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Political fight brews over law that could ‘threaten’ private animal shelters

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RICHMOND, Va. -- At the Richmond SPCA, almost every homeless dog or cat ends up finding a permanent home.  Even dogs like Mini, a pit-bull mix that was diagnosed and treated for cancer before being placed for adoption.

Richmond SPCA CEO Robin Starr believes adoption, not euthanasia, should be the main focus and mission of private animal shelters.

“We believe it’s reasonable to expect that animals that are either healthy or treatable should be adopted,” Starr said.

This past General Assembly session, Starr backed legislation that tweaks the state’s definition of private animal shelter to ensure that its main purpose is to find homes for animals.

Richmond SPCA CEO Robin Starr

Richmond SPCA CEO Robin Starr

After being amended, the legislation passed with little opposition and was signed into law by Governor Terry McAuliffe in March.

While the law went into effect on July 1, the Department of Agriculture and Consumer Services is currently implementing a “guidance document” to enforce the new law.

Some suggestions include mandatory operating hours for private shelters and a rule that requires shelters to adopt out or save at least 50 percent of the animals they take in.

Opponents, including Norfolk-based People for the Ethical Treatment of Animals, (PETA) argue the new regulations could force private animal shelters to shut down.

In 2014, PETA euthanized roughly 81 percent of the 3,017 animals it took in. Opponents say five other private shelters in Virginia could also be at risk, including smaller shelters, that don’t have the resources to comply with the new regulations.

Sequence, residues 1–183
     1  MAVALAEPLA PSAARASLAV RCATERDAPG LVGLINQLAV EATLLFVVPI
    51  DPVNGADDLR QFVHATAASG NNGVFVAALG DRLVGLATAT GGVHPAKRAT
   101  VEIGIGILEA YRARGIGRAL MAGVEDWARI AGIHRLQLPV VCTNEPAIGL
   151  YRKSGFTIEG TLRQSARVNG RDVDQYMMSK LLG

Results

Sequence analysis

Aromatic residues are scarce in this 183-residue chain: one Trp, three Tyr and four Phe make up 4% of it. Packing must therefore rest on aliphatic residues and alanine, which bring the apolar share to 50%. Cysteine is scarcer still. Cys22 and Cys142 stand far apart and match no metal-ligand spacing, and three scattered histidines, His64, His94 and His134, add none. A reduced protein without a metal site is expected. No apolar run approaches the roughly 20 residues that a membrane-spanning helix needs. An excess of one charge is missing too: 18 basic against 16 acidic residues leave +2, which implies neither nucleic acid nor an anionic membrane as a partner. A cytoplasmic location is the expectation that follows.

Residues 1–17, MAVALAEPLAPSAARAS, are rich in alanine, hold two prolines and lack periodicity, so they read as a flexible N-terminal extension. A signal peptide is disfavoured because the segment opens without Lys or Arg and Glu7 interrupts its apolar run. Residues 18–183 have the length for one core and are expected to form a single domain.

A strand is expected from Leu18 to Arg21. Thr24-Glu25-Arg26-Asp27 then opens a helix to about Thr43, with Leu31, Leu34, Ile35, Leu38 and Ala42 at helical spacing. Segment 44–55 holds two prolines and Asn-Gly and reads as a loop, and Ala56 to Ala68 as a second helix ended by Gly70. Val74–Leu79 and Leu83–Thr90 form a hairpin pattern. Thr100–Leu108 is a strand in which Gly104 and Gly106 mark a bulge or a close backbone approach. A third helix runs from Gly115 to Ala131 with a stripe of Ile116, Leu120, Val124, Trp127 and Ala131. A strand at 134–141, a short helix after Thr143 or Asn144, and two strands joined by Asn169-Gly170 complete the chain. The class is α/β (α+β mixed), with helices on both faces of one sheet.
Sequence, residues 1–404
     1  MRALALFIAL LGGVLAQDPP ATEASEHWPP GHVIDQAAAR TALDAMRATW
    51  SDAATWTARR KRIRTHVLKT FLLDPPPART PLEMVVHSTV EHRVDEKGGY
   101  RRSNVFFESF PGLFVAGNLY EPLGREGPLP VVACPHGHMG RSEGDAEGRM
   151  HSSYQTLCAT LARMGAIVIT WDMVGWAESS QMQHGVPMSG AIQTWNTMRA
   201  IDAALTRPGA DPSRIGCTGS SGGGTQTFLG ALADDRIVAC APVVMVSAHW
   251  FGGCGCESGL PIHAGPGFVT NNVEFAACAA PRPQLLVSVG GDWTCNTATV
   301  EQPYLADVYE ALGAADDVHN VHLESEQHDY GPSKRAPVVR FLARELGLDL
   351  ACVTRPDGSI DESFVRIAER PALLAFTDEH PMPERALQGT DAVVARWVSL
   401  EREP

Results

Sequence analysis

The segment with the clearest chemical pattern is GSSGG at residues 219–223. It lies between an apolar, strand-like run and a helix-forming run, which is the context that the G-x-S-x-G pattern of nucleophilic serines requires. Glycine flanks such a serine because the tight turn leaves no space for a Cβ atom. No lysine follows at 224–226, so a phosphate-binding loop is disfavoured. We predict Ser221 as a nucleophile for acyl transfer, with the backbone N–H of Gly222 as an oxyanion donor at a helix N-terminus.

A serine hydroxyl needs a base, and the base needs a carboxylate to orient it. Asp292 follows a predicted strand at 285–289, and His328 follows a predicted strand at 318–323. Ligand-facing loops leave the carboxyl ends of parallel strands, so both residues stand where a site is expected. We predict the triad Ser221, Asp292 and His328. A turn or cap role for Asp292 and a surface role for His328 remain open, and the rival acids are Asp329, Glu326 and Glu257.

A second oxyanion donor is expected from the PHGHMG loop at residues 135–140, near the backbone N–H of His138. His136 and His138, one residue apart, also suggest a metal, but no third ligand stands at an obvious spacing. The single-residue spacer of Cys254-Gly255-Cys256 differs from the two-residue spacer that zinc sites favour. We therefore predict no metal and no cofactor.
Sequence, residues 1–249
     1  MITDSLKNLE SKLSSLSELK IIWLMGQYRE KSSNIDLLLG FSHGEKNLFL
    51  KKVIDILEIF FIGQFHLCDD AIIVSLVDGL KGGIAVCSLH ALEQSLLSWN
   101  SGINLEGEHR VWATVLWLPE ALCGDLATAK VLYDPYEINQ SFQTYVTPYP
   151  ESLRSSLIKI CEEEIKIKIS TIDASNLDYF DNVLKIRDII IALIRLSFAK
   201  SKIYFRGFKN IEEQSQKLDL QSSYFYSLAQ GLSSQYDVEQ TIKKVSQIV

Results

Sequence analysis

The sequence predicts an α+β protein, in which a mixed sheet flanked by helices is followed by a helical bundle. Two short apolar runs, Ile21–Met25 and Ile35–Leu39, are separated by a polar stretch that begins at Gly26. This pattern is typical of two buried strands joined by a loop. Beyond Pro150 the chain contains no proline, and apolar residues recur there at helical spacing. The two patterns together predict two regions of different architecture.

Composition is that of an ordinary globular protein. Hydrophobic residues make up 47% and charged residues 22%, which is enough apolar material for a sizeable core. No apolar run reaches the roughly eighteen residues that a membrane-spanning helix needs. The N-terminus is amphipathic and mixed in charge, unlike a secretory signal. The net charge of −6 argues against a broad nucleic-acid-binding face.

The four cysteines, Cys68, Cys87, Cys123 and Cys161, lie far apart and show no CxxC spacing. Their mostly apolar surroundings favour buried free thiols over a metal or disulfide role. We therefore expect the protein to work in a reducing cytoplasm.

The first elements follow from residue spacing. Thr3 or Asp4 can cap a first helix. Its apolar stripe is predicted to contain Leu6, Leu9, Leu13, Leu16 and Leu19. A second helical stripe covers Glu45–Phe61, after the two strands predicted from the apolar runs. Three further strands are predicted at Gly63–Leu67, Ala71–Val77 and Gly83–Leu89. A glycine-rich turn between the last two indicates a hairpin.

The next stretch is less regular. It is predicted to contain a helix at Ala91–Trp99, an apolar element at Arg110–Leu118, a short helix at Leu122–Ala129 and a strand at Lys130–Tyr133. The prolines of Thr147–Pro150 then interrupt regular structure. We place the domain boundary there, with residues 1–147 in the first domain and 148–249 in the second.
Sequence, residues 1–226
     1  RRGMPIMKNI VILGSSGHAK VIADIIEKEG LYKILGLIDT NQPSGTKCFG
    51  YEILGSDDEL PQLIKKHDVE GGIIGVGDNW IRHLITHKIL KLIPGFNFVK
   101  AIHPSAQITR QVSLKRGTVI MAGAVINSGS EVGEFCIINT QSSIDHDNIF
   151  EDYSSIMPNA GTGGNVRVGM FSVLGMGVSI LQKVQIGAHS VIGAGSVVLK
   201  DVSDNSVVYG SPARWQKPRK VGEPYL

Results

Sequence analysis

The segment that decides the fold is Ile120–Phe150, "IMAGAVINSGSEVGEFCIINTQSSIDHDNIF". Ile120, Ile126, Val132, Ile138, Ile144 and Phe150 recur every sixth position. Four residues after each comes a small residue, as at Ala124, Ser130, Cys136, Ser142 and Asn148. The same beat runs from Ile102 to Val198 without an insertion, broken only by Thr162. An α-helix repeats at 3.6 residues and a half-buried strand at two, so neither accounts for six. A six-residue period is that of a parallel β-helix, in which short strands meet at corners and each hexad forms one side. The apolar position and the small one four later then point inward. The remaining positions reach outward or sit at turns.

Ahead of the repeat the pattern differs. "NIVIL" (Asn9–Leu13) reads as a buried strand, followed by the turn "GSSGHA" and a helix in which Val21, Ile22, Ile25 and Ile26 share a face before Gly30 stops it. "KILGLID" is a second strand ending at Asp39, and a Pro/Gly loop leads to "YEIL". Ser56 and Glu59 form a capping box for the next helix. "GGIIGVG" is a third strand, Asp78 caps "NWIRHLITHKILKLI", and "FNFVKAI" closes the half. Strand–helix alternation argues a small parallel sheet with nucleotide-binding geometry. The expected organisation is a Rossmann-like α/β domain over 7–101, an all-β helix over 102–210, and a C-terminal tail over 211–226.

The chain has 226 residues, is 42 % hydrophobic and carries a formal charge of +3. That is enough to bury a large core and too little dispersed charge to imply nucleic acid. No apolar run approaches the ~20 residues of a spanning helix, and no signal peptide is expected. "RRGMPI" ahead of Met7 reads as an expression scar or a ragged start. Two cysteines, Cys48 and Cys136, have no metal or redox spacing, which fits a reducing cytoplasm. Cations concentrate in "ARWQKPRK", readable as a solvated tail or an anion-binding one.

Sharon Adams, Chair of the Virginia Alliance for Animal Shelters

Sharon Adams, Chair of the Virginia Alliance for Animal Shelters

Sharon Adams, Chair of the Virginia Alliance for Animal Shelters, said the suggested regulations could force private shelters to turn away “unadoptable” pets.

“If I don’t take in animals that aren’t adoptable, then I won’t have to euthanize them,” Adams argues.  “If I only take three-year-old Shitzu’s, I’m probably going to adopt them, but I’m probably not going to adopt a 12-year-old hound that needs my help.”

State lawmakers, including Delegate Scott Lingamfelter (R-Woodbridge) are encouraging the Department of Agriculture to “slow down” and seek public input so they don’t create implementation policies that could have unintended consequences for private animal shelters.

"It affects the lives and functions of these folks," Lingamfelter argued last month.

Robin Starr argues that the majority of animal shelters are already in compliance with some of the new suggested guidelines.

“I believe I’m correct in saying that not a single one (shelter) other than PETA, that does not save at least half of the animals in its care,” Starr says.

PETA argues that it must euthanize a large number of animals because the organization takes in so many aggressive, sick or maimed animals for no fee. PETA said it would be impossible to humanely care for so many animals without the right to euthanize.

The state is now agreeing to seek more public input before proceeding with a guidance document that would enforce the new law.